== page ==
Clamours for vengeance distorted the natural desire of honest men
in France and Belgium for security against future aggression by a
resuscitated Germany. The big industrial interests wanted to stifle
German trade and at the same time exact a huge indemnity; they
exploited the expectation of the working classes that, as a result
of victory, Allied industry would be given a fair start in future
competition with the enemy States.

In the absence of any higher guidance, either moral or informed,
statecraft was entirely lacking in the proceedings of the Conference,
yet the situation was such that, if adroitly handled, measures were
possible which would have contributed powerfully to the security of
France and Belgium, by attenuating and dissipating reactionary elements
in the German Empire. Advantage might have been taken of the distrust
inspired by Prussia in the other German States, to create autonomous
and neutral zones in the Palatinate and the territory formerly
comprised in the Hanseatic League, to assist Bavaria to shake off
Prussian hegemony, and become a component with German Austria of a new
Catholic State in South-Eastern Europe, where conflicting national aims
and unruly populations needed a counterweight.

No such measures were taken. The Conference was obsessed with details.
Every conceivable question was discussed before the one that was
most urgent--the conclusion of some form of peace which would let the
world resume its normal life. A state of affairs was protracted which
encouraged the greedy and unscrupulous, which checked any expression
of opinion by the “plain people” of President Wilson’s speeches, which
gave an opening to militarists, jingo journalists, and politicians,
whose ideas were those of German Junkers and who still believed in war.

Jungle law reasserted itself. In an allegoric sense, the Conference
was like a jungle through which a forest fire had passed, destroying
the scanty verdure it had once possessed, leaving bare, blackened
stumps too hard to burn. Some of the larger, fiercer beasts had been
expelled; a few remained, and they, too, had been changed. A solitary
eagle had descended from his distant eyrie and, like a parrot,
screeched incessantly. “Fiume, Fiume, Fiume”--a chuckle followed, it
said--“Fourteen Points” but this was an obvious aside. The performance
was disappointing; polished and well-turned phrases had been expected
from so great a bird. The lion’s majestic mien had altered somewhat,
his movements were uncertain; from time to time his eyes sought,
furtively, a pack of jackals, who should have hunted with him, but, of
late, they had grown insolent to their natural leader and reviled him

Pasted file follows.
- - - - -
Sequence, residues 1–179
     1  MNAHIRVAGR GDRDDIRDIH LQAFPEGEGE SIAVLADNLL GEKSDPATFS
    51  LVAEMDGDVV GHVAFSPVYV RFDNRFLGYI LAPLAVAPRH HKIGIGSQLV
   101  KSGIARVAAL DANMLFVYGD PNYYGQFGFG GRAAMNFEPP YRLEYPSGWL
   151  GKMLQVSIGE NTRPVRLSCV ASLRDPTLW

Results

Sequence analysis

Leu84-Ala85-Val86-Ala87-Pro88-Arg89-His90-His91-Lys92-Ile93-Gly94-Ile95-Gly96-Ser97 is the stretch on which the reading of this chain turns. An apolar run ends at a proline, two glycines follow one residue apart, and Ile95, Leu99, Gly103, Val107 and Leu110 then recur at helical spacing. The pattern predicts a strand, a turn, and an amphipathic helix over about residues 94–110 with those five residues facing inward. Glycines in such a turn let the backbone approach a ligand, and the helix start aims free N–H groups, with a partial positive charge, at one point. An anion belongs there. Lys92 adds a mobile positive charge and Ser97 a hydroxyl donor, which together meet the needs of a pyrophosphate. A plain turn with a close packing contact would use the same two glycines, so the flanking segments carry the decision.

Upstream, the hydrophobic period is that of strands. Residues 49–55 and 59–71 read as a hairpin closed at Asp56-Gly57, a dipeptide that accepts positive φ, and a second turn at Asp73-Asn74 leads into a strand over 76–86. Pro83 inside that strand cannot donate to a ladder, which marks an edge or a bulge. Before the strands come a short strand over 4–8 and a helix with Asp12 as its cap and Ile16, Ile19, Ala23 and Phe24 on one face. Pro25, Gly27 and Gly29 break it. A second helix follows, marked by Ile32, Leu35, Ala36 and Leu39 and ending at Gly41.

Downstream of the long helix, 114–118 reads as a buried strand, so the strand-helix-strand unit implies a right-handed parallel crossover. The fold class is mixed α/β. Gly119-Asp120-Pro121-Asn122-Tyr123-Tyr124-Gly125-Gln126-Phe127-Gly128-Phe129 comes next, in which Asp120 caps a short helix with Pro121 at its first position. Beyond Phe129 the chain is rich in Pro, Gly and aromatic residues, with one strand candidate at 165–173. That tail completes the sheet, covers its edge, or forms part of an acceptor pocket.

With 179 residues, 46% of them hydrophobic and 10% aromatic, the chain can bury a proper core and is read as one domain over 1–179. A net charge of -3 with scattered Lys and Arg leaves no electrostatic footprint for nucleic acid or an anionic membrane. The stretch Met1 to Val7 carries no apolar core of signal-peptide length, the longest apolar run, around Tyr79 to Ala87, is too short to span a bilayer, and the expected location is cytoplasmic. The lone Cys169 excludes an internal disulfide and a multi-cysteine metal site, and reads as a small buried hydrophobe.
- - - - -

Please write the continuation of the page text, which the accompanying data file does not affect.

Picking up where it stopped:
in a high-pitched, daily wail. An old and wounded tiger roamed about
the jungle; his strength, so far from being impaired, had become almost
leonine; sometimes the jackals joined his own obedient cubs, and then
he snarled contentedly while the lion roared with jealousy and rage.
The bear was absent; he had turned savage through much suffering, and
the wolves who prowled around the outskirts of the jungle prevented
him from entering; they howled with terror whenever he approached, and
wanted the lion and the tiger to help to kill this dangerous type of
bear. A yellow dragon moaned in the far distance, but was unheeded; he
was no more a peril and had little left for the other beasts to steal.
Jubilant and shrill, the crowing of a cock was heard above the babel of
the jungle, announcing, to all who cared to listen, the dawn of fifteen
years of liberty in the valley of the Saar.

The Peace Treaties promulgated by the Conference at Paris are
impregnated with the atmosphere in which they were drawn up--an
atmosphere charged with suspicion and hatred, fear and greed; not
one of them is in the spirit of the League of Nations. The Treaty
with Germany, in particular, discloses the predominance of French
influence in Allied councils. An old French nobleman once remarked,
“Les Bourgeois sont terribles lors qu’ils ont eu peur.” The conditions
imposed on a democratized and utterly defeated Germany are terrible
indeed, but curiously ineffective; they are a timid attempt to modify
vindictiveness by a half-hearted application of President Wilson’s
ethical principles; they satisfy no one; this is their one redeeming
feature, since it shows that they might have been even more vindictive
and still more futile for the achievement of their purpose, which
was, presumably, a lasting peace. Militarists and reactionaries could
not conceive a state of peace which did not repose on force and the
military occupation of large tracts of German territory. They were
twenty years behind the time. They did not realize that armies in
democratic countries consist of human beings who observe and think,
who cannot be treated as machines, and bidden to subordinate their
reasoning faculties to the designs of a few selfish and ambitious men.
Liberal thinkers, on the other hand, were shocked at Treaties which
inflamed the hearts of seventy million German-speaking people with
hatred and a desire for revenge, which cemented German unity, which
aroused a widespread irredentism and gave an incentive to industrious,
efficient populations to devote their time and efforts to preparations
for a future war and not to the arts of peace. Such men were neither
visionaries nor sentimentalists, they were practical men of affairs,